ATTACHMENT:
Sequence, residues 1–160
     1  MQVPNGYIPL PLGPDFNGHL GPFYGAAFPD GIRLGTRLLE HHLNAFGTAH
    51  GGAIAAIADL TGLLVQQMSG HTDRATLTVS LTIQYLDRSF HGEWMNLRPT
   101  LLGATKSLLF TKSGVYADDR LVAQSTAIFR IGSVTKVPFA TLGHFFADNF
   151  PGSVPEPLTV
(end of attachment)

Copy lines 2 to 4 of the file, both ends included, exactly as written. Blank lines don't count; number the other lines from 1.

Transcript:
     1  MQVPNGYIPL PLGPDFNGHL GPFYGAAFPD GIRLGTRLLE HHLNAFGTAH
    51  GGAIAAIADL TGLLVQQMSG HTDRATLTVS LTIQYLDRSF HGEWMNLRPT
   101  LLGATKSLLF TKSGVYADDR LVAQSTAIFR IGSVTKVPFA TLGHFFADNF